0. 1/28/2012 – Art Attack Call for Submissions, by Riese
1. 2/1/2012 – Art Attack Gallery: 100 Queer Woman Artists In Your Face, by The Team
2. 2/3/2012 – Judy Chicago, by Lindsay
3. 2/7/2012 – Gran Fury, by Rachel
4. 2/7/2012 – Diane Arbus, by MJ
5. 2/8/2012 – Laurel Nakadate, by Lemon
6. 2/9/2012 – 10 Websites For Looking At Pictures All Day, by Riese
7. 2/10/2012 – LTTR, by Jessica G.
8. 2/13/2012 – Hide/Seek, by Danielle
9. 2/15/2012 – Spotlight: Simone Meltesen, by Laneia
10. 2/15/2012 – Ivana, by Crystal
11. 2/15/2012 – Gluck, by Jennifer Thompson
12. 2/16/2012 – Jean-Michel Basquiat, by Gabrielle
13. 2/20/2012 – Yoko Ono, by Carmen
14. 2/20/2012 – Zanele Muholi, by Jamie
15. 2/20/2012 – The Malaya Project, by Whitney
16. 2/21/2012 – Feminist Fan Tees, by Ani Iti
17. 2/22/2012 – 12 Great Movies About Art, by Riese
18. 2/22/2012 – Kara Walker, by Liz
19. 2/22/2012 – Dese’Rae L. Stage, by Laneia
I forget how I first came to be introduced to Dese’Rae Stage’s work. I know I somehow started following her on twitter — she’s funny and has a wife and like, 15 pets — and immediately fell in love with her music photography. Her bio says that her images “address music as emotional catharsis and, in many cases, isolate the artist as a singular, untouchable figure,” and that’s true — they do look very untouchable and special. Almost all of her shots are of the artists mid rock-out, which is how I like it. She’s photographed several musicians that are likely very relevant to your interests, like Karen O, Courtney Love, Zooey Deschanel and little lady named Sara Quin.
Dese’Rae’s latest project, Live Through This, works to tell the stories of suicide attempt survivors, in an effort to create a more honest awareness and to break down the stigma and taboo surrounding suicide.
I believe I can begin to achieve these goals by embracing individuals who have come out from behind their veil of shame to tell me–and the world–who they are now and who they were, where and how they got there, and what brought them to a place in time where they relish their ability to continue living. In sharing their journeys of struggle and survival, we can begin to honor, respect, and educate in an open and accepting forum. The hope is that our voices will strengthen and compel those in need (self, family, friends, co-workers) to get the help they require.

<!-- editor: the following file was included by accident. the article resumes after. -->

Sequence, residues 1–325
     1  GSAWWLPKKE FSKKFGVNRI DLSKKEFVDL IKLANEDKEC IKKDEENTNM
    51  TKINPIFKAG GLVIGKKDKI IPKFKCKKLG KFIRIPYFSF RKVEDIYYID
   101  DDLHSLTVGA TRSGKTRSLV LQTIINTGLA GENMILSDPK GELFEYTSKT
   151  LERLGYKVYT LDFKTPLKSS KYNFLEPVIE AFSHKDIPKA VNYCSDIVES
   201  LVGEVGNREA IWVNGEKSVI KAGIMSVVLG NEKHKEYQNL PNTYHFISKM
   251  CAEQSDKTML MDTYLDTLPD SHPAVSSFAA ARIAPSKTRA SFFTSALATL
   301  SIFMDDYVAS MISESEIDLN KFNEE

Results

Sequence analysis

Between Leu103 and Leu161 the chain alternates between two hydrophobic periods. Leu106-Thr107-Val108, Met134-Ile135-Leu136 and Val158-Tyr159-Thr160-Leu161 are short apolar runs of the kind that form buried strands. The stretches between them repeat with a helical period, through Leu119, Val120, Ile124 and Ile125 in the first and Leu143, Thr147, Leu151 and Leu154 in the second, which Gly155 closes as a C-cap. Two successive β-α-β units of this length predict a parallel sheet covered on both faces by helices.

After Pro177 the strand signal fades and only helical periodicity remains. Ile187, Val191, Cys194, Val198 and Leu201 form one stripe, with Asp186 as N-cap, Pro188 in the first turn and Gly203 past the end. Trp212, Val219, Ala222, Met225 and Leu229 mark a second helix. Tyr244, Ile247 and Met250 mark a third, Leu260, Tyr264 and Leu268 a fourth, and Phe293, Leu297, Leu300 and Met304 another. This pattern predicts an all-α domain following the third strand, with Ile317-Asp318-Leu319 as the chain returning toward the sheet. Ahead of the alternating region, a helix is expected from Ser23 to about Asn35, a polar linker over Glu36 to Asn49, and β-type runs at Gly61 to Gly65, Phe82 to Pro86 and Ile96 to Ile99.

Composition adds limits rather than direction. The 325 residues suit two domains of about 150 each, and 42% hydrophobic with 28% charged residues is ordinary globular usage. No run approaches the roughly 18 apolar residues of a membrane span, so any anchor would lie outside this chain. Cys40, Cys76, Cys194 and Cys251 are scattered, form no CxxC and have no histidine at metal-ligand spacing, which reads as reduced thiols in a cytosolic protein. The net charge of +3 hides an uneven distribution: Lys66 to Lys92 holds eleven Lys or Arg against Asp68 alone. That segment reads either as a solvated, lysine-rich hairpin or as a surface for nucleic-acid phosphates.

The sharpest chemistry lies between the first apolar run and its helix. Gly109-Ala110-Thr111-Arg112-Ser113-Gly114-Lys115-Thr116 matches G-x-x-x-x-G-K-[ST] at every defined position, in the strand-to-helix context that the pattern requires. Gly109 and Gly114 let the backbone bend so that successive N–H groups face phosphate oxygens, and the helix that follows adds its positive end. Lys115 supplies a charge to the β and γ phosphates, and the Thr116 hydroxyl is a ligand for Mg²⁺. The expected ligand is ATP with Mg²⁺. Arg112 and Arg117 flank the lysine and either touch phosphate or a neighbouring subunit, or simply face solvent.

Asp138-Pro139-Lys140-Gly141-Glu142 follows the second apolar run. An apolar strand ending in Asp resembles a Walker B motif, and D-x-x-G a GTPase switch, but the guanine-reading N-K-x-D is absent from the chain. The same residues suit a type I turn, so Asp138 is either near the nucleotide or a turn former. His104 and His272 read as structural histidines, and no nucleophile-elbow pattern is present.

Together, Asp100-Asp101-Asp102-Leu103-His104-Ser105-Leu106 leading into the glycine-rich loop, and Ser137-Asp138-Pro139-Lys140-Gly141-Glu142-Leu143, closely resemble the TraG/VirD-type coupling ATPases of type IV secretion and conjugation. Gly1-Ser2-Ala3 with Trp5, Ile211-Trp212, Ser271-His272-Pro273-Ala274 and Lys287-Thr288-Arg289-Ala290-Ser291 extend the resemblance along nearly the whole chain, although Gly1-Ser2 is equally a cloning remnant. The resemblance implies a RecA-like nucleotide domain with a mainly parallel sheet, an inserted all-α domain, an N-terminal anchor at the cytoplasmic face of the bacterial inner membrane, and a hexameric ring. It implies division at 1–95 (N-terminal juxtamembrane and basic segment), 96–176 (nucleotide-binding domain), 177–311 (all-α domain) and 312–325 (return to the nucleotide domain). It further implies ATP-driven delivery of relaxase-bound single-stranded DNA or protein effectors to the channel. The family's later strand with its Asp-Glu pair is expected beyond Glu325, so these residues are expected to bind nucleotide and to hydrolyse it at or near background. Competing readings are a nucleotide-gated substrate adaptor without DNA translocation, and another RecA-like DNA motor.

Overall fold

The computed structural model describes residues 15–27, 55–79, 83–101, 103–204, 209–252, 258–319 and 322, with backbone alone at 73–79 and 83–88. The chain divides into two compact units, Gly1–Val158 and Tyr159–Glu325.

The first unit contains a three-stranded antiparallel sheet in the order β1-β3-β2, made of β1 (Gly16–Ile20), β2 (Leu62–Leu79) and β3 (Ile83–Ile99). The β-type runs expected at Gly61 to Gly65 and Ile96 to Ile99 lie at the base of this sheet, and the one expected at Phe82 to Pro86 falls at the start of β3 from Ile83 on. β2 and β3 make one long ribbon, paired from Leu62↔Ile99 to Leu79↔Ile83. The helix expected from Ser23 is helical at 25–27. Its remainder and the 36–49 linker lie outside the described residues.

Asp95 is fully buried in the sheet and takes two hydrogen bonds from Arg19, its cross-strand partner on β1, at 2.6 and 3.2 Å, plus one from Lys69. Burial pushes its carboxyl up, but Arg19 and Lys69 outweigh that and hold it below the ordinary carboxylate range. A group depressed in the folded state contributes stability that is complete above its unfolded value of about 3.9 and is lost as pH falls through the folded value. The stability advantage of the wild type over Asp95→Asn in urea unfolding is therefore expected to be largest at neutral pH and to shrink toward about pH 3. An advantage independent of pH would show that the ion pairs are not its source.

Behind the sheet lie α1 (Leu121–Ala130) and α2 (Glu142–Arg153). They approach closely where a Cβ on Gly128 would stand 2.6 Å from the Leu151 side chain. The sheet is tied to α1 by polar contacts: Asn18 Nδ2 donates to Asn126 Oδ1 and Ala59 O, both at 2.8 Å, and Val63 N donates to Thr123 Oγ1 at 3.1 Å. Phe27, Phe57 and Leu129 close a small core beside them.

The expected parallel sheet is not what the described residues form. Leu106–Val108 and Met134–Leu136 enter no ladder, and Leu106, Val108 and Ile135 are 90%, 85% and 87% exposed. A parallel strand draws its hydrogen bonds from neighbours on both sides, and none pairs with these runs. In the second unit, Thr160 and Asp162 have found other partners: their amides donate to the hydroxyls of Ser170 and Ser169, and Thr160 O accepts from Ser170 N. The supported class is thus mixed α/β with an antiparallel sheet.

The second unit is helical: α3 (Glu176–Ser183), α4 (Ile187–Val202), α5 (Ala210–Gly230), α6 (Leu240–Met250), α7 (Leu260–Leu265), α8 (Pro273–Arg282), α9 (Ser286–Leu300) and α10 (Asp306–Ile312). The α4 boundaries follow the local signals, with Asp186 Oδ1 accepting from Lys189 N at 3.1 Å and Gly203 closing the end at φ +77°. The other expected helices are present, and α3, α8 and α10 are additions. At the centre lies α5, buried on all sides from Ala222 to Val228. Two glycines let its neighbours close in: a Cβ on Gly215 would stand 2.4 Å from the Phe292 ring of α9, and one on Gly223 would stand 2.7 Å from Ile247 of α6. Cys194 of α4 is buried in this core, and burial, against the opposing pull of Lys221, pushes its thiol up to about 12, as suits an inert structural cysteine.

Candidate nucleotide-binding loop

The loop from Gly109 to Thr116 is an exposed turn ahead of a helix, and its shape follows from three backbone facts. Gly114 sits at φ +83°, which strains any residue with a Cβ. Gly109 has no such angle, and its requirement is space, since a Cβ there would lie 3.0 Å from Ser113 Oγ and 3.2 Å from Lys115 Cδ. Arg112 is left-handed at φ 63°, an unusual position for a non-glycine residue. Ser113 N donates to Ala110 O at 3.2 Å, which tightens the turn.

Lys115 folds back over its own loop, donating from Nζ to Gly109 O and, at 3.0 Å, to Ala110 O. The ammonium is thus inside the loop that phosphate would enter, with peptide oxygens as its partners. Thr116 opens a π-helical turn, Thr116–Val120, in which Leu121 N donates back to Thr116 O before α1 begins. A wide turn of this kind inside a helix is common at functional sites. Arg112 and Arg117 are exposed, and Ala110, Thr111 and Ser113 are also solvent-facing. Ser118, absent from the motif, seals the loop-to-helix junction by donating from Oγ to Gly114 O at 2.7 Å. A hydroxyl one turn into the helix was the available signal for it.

an excerpt from Dese’Rae’s interview with T. W.:
For me, in the moments after I had actually done everything that I had been planning for so long, I realized that I didn’t want to die. But that’s unique. That’s not everyone. It wasn’t a release, it was afraid. I was afraid, and I said, “There must be someone that I like in there,” and that was what I realized. It was constructive, and that is why I still want to live. I lived through the rehabilitation process after it, but I did it all by myself because I was ashamed of what I had done. I thought that everyone was going to say, “That’s so… Oh, wow. How lame. How selfish.”
That’s kind of what happened in a couple of cases when I did express it. People pushed back and said, “Why would you do that? How silly. How frivolous.” And I thought that was the worst thing. To think that suicide is something that is kind of privileged, like, “Oh, you can just take your life like that? Don’t you think you’re special!” And that’s the worst thing. It’s absurd that people think that you think you’re special. That you’re another kid who tried to kill themselves, and they think that it’s not going to stay with you forever. It has to stay with you forever.
She posts once per week, and is working to steer the project toward a more multimedia direction, including audio recordings and videos, with the goal of presenting Live Through This as a gallery installation.